Does the number of adjectives matter? Probably.

21.03.20. The students really got to grips with this task. They were quick to identify the global differences in the changed character of Othello.

Having emphasised the character anchors of “I must be found, (My parts, my title, and my perfect soul – 1.2.31) ” versus Iago’s comment “He is much changed” (1.4.119) we moved to the adjectives.

With the benefit of having teaching it once, I reduced the number of adjectives and made a consistent list for paired discussed. I did ask for two adjectives per image from 15. Less is more.

Could we use Johari’s list for all characters assessments? Possibly.

I started with one key aspect (variable) of Othello’s character and used this to present a continuum from open to close minded. A quadrant or two variables is too complex at this stage. Adding the adjectives onto the slide or I may use TripticoPlus and make word magnets is the key thinking task. (How many words / then placements are needed to build a concrete concept of the character of Othello?)

Using an agreed list of adjectives.

*16.03.20 As is often the case with planning, I also realised that the continuum I presented is merely a timeline. Of course, a personality trait or set of actions will not always be linear. As such, could key moments such as Iago false counsel Act 3.3, and Othello witnessing the handkerchief, could be added to the continuum?

  1. Complete for the introduction of the character of Othello.
  2. Explore the placements of the descriptors.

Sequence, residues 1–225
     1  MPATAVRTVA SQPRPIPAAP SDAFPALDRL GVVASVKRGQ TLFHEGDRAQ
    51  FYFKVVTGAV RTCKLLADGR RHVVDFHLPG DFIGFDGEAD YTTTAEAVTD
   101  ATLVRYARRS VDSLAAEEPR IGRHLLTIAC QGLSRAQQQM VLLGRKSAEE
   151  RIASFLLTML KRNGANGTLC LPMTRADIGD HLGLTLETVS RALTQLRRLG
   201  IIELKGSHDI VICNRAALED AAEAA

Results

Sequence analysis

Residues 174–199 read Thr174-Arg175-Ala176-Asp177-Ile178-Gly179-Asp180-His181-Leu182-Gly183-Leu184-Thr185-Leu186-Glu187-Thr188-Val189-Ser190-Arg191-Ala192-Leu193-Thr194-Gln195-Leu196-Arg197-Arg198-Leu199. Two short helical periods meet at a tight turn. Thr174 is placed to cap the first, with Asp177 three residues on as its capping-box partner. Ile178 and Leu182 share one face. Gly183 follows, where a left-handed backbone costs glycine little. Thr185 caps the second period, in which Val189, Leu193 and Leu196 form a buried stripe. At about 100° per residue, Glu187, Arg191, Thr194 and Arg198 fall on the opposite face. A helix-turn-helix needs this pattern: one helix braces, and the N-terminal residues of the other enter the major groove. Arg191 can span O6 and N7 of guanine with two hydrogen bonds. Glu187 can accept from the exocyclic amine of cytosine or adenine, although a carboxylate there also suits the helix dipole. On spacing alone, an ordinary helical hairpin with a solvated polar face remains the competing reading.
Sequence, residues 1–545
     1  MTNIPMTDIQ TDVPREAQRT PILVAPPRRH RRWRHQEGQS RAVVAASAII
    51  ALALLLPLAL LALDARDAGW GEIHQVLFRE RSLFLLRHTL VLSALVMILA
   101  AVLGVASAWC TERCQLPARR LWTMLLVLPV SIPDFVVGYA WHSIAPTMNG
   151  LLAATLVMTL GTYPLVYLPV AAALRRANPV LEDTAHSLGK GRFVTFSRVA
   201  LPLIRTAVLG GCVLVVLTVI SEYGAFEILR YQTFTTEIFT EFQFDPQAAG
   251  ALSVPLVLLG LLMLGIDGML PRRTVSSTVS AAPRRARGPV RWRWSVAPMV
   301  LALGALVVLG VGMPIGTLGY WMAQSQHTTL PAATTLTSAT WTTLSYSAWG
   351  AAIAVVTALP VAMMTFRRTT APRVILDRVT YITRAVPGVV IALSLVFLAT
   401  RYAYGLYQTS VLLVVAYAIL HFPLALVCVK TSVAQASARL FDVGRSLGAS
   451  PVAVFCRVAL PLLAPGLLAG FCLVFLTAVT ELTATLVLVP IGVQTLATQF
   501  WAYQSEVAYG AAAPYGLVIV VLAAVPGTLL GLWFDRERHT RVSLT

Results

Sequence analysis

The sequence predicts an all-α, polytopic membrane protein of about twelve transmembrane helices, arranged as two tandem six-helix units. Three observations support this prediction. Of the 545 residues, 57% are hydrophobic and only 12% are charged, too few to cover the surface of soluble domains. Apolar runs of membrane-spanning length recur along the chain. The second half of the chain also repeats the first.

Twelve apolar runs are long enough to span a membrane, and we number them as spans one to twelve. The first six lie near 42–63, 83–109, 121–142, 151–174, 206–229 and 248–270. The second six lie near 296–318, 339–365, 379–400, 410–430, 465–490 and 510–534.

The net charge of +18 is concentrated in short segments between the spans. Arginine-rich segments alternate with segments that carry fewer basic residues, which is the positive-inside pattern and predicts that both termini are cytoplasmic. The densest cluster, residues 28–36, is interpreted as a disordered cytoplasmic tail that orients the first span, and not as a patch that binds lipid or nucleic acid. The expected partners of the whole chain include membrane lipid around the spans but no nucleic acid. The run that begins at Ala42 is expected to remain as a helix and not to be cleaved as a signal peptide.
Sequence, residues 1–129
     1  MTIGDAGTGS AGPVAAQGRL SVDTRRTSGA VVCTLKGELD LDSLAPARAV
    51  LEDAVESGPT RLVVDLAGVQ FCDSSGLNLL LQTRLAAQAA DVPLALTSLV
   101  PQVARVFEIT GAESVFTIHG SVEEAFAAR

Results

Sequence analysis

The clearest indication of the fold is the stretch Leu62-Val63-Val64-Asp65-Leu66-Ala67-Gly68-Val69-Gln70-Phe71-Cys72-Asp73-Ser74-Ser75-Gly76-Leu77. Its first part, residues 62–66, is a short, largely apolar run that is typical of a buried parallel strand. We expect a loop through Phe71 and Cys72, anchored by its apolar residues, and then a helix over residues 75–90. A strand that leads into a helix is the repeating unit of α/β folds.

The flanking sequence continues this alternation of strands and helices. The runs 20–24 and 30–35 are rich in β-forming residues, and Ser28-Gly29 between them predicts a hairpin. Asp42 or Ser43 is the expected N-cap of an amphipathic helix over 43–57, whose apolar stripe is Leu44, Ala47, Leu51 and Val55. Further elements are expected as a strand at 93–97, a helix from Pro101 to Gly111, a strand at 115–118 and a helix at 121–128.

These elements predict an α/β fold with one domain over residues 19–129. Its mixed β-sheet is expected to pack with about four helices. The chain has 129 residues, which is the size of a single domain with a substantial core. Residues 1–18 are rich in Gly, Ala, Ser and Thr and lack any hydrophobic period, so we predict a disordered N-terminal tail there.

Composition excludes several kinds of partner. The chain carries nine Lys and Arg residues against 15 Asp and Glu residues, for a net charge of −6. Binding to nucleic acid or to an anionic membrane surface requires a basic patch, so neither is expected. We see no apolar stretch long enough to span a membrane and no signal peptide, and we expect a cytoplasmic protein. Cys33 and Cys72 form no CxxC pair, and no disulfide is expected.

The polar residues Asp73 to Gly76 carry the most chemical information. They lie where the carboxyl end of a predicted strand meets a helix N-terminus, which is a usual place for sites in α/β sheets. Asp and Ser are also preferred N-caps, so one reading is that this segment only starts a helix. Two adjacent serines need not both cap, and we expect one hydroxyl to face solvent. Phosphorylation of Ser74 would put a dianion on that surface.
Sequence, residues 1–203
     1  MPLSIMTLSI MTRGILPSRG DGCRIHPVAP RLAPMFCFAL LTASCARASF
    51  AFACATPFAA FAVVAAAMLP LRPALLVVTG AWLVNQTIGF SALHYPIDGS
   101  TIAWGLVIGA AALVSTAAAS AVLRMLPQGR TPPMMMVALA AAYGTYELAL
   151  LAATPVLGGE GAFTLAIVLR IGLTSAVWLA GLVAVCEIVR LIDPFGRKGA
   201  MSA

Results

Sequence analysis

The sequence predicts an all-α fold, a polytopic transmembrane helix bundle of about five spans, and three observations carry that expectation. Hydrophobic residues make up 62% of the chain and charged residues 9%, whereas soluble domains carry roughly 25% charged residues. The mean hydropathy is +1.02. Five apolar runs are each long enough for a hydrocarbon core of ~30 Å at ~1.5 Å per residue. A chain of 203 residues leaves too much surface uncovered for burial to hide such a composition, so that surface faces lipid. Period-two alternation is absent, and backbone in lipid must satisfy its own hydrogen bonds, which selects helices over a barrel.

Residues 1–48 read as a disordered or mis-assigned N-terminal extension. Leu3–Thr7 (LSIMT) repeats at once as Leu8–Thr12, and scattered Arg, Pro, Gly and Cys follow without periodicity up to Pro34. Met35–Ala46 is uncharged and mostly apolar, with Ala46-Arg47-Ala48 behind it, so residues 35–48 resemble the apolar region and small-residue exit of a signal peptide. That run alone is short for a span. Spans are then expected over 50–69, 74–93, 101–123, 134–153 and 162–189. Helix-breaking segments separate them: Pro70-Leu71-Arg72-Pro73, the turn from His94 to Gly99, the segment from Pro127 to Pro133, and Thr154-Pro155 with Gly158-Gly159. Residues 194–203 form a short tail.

3. Confirm the chart as complete.
  1. Complete for the character of Othello at the end of the play.
  2. Explore the placements of the descriptors.
  3. Confirm the chart as complete.
  1. Explore the differences between the two completed charts.

We will mostly likely stop here.

Variations: Students list the adjectives. Fewer or more adjectives. How to make the most of the added richness of pupil debate and interrogation? How best to explore placements variations on the continuum and whether or not post it notes should be used to allow pupils to amend their responses?

(The more I think about it – I more I am inclined to limit the descriptors. The deeper learning is mining the vein of where to descriptor is placed.)

A significant, additional layer of complexity, borrowing once again from Johari, is to shift these descriptors up or down a self-awareness continuum. Reflecting the degree of self-awareness the character of Othello possesses about himself / each descriptor? This is far more sophisticated and possibly appropriate for deeper discussion?

21.03.20. Having delivered the lesson, a single timeline was more than sufficient for our Year 9 classes.

Any thoughts or feedback welcomed.